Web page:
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Micro-credit, risk coping and the incidence of rural-to-urban migration

  • Ahsan, Quamrul
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    The focus of this paper is on the rural poor of south Asia and their struggle to cope with the seasonal risk of unemployment and the ensuing income risks. In the absence of formal credit or insurance markets the rural poor typically resort to, among other options, the following informal strategies to cope with seasonal income risks: (i) seasonal rural-to-urban migration, and (ii) mutual (ex-post) transfers between families of friends and relatives. Access to credit through a microfinance institution could also provide a competing source of insurance. The question raised in this paper is how the access to credit may affect the more traditional/time honoured means of risk coping, such as seasonal migration. Given that credit, i.e., a creditfinanced activity, is potentially a substitute for seasonal migration, it is reasonable to argue that easy access to credit (or high return on credit) will lower the incidence of migration. However, there also exists a potential complementarity between the two activities (if implemented jointly) in terms of gains due to diversification of income risks. That is, given that income from migration is not typically subject to the same shocks as income generated by a credit-financed activity, a joint adoption of both activities creates opportunities for diversification of risk in the family incomes portfolio. If the diversification gains are large enough then the adoption of both activities jointly will be preferred to adopting either of the activities individually. In that event, introduction of microfinance in rural societies may result in raising the incidence of migration. The joint adoption case for rural households is modelled using a choice theoretic framework, and exact conditions are derived for when joint adoption is preferable to adoption of a single project. The model of joint adoption is estimated by applying a Bivariate Probit regression model on a single cross-section of household survey data from rural Bangladesh. Our preliminary results show that indeed the probability of participation in migration by household members is positively related to the probability of the household being a credit recipient.

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    Paper provided by Verein für Socialpolitik, Research Committee Development Economics in its series Proceedings of the German Development Economics Conference, Kiel 2005 with number 2.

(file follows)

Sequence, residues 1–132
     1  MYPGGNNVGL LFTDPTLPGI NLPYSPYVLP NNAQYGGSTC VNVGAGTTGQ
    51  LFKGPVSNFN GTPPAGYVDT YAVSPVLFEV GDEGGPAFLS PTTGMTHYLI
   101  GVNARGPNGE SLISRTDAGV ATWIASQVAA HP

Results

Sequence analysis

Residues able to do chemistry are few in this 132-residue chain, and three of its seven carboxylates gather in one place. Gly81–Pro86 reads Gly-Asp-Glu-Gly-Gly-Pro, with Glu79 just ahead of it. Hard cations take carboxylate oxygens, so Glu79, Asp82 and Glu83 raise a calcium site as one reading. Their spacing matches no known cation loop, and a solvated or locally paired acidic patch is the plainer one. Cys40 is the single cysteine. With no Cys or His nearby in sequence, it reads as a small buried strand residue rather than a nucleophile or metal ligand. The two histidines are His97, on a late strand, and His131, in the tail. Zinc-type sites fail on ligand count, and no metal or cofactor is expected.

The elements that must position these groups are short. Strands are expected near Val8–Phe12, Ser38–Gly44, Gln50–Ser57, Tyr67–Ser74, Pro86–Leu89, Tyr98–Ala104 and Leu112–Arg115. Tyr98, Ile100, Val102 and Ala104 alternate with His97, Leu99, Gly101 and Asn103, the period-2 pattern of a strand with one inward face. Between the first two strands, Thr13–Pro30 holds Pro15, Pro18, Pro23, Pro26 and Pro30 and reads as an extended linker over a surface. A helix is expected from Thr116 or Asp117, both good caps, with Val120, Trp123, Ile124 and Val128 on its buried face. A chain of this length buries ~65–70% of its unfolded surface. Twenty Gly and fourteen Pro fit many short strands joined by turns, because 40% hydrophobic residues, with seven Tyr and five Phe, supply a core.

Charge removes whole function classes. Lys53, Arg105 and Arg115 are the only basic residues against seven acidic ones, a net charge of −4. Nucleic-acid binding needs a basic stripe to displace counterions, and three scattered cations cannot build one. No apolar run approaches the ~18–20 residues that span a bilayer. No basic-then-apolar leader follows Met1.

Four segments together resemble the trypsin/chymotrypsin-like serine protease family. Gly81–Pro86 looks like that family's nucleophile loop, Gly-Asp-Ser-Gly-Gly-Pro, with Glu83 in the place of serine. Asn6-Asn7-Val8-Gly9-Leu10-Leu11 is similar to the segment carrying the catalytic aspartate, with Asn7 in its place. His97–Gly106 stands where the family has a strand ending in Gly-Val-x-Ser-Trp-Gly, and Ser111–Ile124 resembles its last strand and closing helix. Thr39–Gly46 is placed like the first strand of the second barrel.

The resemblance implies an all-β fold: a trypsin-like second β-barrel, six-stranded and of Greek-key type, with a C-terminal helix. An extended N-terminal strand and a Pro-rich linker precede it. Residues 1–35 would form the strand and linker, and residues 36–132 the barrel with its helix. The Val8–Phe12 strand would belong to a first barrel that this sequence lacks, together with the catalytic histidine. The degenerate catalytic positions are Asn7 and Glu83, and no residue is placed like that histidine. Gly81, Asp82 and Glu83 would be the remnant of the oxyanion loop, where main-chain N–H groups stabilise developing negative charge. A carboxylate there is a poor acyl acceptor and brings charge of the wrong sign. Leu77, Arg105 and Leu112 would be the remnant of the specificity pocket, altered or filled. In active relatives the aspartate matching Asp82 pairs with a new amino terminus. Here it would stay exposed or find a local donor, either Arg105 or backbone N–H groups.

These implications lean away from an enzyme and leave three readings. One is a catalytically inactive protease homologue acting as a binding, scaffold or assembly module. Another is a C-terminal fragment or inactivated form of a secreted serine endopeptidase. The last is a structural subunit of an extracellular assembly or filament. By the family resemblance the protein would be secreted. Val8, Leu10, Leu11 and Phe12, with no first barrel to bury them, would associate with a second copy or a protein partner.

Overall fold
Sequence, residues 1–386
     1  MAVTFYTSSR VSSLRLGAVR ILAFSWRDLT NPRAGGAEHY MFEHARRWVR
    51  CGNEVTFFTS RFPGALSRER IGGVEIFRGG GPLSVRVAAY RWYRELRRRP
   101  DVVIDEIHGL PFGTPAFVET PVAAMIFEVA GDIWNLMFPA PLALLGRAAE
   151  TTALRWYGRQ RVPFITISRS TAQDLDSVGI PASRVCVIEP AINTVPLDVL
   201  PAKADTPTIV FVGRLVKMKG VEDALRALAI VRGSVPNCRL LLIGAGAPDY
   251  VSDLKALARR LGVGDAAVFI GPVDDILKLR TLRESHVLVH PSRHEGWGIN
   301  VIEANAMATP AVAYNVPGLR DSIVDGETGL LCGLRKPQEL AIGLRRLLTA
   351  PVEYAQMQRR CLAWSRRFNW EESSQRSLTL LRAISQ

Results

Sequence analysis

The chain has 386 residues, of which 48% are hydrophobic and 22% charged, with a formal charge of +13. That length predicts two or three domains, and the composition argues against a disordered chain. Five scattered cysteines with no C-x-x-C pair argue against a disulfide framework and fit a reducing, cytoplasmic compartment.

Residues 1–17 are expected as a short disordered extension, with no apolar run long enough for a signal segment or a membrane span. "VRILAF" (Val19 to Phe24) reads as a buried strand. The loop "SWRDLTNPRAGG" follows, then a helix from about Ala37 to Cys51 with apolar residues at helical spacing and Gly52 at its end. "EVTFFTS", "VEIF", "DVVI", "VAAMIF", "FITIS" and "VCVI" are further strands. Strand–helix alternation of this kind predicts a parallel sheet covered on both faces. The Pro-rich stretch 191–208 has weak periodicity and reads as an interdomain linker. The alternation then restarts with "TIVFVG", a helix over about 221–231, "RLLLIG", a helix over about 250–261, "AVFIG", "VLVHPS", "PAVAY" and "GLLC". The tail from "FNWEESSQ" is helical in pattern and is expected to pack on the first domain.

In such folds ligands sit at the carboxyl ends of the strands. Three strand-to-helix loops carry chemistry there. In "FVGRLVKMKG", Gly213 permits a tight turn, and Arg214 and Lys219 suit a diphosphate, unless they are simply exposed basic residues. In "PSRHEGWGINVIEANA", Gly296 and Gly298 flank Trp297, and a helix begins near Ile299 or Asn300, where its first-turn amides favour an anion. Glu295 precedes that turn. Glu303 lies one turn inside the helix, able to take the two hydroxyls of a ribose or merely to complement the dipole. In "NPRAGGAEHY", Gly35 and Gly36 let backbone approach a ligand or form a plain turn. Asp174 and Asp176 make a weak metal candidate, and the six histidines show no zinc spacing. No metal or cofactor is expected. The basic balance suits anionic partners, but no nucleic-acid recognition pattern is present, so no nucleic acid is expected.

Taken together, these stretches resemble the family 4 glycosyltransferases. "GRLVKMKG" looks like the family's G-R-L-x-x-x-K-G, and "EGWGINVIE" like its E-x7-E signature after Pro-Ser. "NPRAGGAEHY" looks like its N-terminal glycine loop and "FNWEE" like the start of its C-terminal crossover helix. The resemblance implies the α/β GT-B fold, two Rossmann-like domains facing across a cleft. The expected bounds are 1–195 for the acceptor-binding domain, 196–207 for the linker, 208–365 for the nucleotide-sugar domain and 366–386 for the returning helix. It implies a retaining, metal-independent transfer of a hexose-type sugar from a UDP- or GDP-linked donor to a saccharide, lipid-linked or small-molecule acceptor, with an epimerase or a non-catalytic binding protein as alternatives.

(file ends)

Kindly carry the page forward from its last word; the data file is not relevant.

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    Date of creation: 2005
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    Handle: RePEc:zbw:gdec05:3475
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    1. Hoddinott, John, 1994. "A Model of Migration and Remittances Applied to Western Kenya," Oxford Economic Papers, Oxford University Press, vol. 46(3), pages 459-76, July.
    2. Rosenzweig, Mark R, 1988. "Risk, Implicit Contracts and the Family in Rural Areas of Low-income Countries," Economic Journal, Royal Economic Society, vol. 98(393), pages 1148-70, December.
    3. Ben Rogaly & Daniel Coppard & Abdur Safique & Kumar Rana & Amrita Sengupta & Jhuma Biswas, 2002. "Seasonal Migration and Welfare/Illfare in Eastern India: A Social Analysis," Journal of Development Studies, Taylor & Francis Journals, vol. 38(5), pages 89-114.
    4. Stark, Oded & Levhari, David, 1982. "On Migration and Risk in LDCs," Economic Development and Cultural Change, University of Chicago Press, vol. 31(1), pages 191-96, October.
    5. Katz, Eliakim & Stark, Oded, 1986. "Labor Migration and Risk Aversion in Less Developed Countries," Journal of Labor Economics, University of Chicago Press, vol. 4(1), pages 134-49, January.
    6. Stark, Oded & Lucas, Robert E B, 1988. "Migration, Remittances, and the Family," Economic Development and Cultural Change, University of Chicago Press, vol. 36(3), pages 465-81, April.
    7. Lucas, Robert E B & Stark, Oded, 1985. "Motivations to Remit: Evidence from Botswana," Journal of Political Economy, University of Chicago Press, vol. 93(5), pages 901-18, October.
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